Here is a general list of how to get an ABA program for a child with autism started.
1) Read, Watch, Learn
Educate yourself and learn what exactly a quality ABA program entails. As with any field there are a range of professionals and you want to make sure you choose the right one that is going to provide your child with an effective, ethical program. Know what you are looking for before you go to the next step.
Here is a post where I list the resources I always refer new parents to.
2) Find a Board Certified Behavior Analyst (BCBA)
At the very minimum the person you hire to set up your child’s ABA program should be a board certified behavior analyst (BCBA). The BCBA will design and oversee your child’s program. You can learn more about the certification and search on for a BCBA here. Dually certified BCBA and speech language pathologists are unique as they have expertise and training in both speech and language and applied behavior analysis. For me, the combination has brought so much value to the quality of my work. Make sure you know what you want and what you want to ask the person you are considering.
Here is a great article on choosing a behavioral service provider.
3) Hire a Home Instructor
After you find a BCBA, you will need to hire an instructor for the BCBA to train. Parents I have worked with have had success finding instructors through local universities and posting jobs on Facebook groups such as this one and this one.
4) Prepare Materials
The consultant you choose to work with may ask for you to purchase certain items prior to starting the program. Here is a checklist I use with my clients.
The BCBA will conduct an assessment of your child to determine what skills need to be targeted in the program. The assessment will often include an observation of your child, direct work with your child, and parental interview. These are the two assessments I typically use:
The Verbal Behavior Milestones Assessment and Placement Program (VB-MAPP)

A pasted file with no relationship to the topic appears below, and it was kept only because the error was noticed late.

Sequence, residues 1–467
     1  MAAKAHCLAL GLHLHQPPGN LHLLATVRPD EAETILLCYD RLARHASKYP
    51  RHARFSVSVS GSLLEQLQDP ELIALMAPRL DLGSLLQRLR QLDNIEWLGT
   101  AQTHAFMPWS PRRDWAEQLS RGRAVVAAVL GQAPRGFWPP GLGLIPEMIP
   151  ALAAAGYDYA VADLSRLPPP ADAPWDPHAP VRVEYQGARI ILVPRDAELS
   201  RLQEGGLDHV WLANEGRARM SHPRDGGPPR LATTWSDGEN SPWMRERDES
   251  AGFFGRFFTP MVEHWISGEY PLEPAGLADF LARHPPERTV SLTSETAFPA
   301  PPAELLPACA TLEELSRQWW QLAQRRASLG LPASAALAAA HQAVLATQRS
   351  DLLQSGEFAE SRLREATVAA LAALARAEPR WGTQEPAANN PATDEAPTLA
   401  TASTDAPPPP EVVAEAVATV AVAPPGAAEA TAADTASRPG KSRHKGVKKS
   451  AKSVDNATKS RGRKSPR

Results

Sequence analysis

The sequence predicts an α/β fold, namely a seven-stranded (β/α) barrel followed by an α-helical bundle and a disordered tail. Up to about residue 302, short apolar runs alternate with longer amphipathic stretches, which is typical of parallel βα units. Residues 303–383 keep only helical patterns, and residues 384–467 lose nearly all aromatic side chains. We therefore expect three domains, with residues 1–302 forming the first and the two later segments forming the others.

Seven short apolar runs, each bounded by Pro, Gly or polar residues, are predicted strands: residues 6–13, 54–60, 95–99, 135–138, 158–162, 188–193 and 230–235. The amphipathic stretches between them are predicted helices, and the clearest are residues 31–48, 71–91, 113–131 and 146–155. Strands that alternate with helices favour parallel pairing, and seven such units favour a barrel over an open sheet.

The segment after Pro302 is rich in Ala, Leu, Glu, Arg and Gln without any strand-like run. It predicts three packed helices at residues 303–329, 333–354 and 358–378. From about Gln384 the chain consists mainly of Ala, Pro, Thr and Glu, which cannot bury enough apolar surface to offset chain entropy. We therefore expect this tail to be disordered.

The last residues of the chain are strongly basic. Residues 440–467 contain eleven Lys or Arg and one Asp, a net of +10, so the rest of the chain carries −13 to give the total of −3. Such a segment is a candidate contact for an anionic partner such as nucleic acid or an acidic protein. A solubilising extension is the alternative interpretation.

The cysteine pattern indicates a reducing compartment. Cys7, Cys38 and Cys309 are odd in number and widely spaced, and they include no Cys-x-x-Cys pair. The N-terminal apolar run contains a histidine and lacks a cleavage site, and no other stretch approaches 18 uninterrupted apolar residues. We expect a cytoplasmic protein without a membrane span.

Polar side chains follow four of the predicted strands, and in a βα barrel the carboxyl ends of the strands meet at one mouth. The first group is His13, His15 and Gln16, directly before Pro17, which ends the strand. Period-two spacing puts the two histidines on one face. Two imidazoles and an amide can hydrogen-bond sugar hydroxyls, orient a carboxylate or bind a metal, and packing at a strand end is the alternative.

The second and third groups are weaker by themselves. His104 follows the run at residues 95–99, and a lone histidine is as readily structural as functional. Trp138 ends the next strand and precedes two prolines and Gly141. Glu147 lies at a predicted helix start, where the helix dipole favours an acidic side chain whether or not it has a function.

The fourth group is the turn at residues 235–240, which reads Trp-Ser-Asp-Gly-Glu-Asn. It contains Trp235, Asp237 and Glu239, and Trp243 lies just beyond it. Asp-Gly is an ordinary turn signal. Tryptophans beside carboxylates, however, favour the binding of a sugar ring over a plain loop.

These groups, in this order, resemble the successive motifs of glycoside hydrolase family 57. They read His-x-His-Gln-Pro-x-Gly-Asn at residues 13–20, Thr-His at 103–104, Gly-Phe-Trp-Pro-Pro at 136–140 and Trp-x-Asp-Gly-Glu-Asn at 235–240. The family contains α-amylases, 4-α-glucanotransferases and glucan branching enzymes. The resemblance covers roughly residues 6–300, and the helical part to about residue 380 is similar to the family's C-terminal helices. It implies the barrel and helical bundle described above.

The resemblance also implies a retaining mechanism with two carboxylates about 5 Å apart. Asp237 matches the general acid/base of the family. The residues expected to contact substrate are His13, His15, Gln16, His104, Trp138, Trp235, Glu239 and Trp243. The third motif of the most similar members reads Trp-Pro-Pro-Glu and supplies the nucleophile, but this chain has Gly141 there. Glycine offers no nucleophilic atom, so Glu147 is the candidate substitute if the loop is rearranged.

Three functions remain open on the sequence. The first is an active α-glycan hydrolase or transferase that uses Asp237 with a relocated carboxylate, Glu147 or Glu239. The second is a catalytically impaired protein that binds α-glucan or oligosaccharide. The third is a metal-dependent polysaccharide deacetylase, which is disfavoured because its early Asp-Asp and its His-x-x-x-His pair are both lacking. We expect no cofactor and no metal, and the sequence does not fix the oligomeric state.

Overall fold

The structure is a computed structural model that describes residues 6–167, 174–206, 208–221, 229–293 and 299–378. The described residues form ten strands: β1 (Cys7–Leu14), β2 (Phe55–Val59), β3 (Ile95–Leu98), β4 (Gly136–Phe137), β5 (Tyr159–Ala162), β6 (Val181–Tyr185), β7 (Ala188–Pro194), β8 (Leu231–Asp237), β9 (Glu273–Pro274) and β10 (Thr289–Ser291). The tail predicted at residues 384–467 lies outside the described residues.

Essentials for Living (EFL)
After the BCBA completes the assessment, he or she should recommend a specific program for your child. This should include written goals with specific objectives and if applicable, formal behavior intervention plans. Training should focus on teaching the instructors and/or parents to implement the program as designed. This should entail plenty of hands on practice with your child and shaping the person who is working with the child’s behavior to become an effective therapist. Also, training should include instruction on how to take data and graph the data to measure the child’s progress.
I base my ABA trainings for instructors and parents on Behavioral Skills Training (BST). Behavioral skills training is a method used to teach someone a new skill. This includes instruction, modeling, behavioral rehearsal and feedback. Here is a great article on Behavioral Skills Training.
7) Follow Up Consultation
After the initial training is completed, the BCBA should recommend a schedule for follow up and supervision for the person working with the child. This may occur anywhere from once a week to once every other month depending on the skills of the person working with the child.
8) Be involved
This is not necessarily a step, but the most successful programs I consult for are the ones in which at least one of the parents is closely involved in the child’s day to day sessions. Some parents I work with help plan natural environment teaching (NET) activities with the instructor, prepare materials for NET activities instructors have planned so no time is wasted and the sessions run smoothly, and some parents even take the data and graph! In my experience, this level of involvement adds significant value and increases the quality of the child’s program.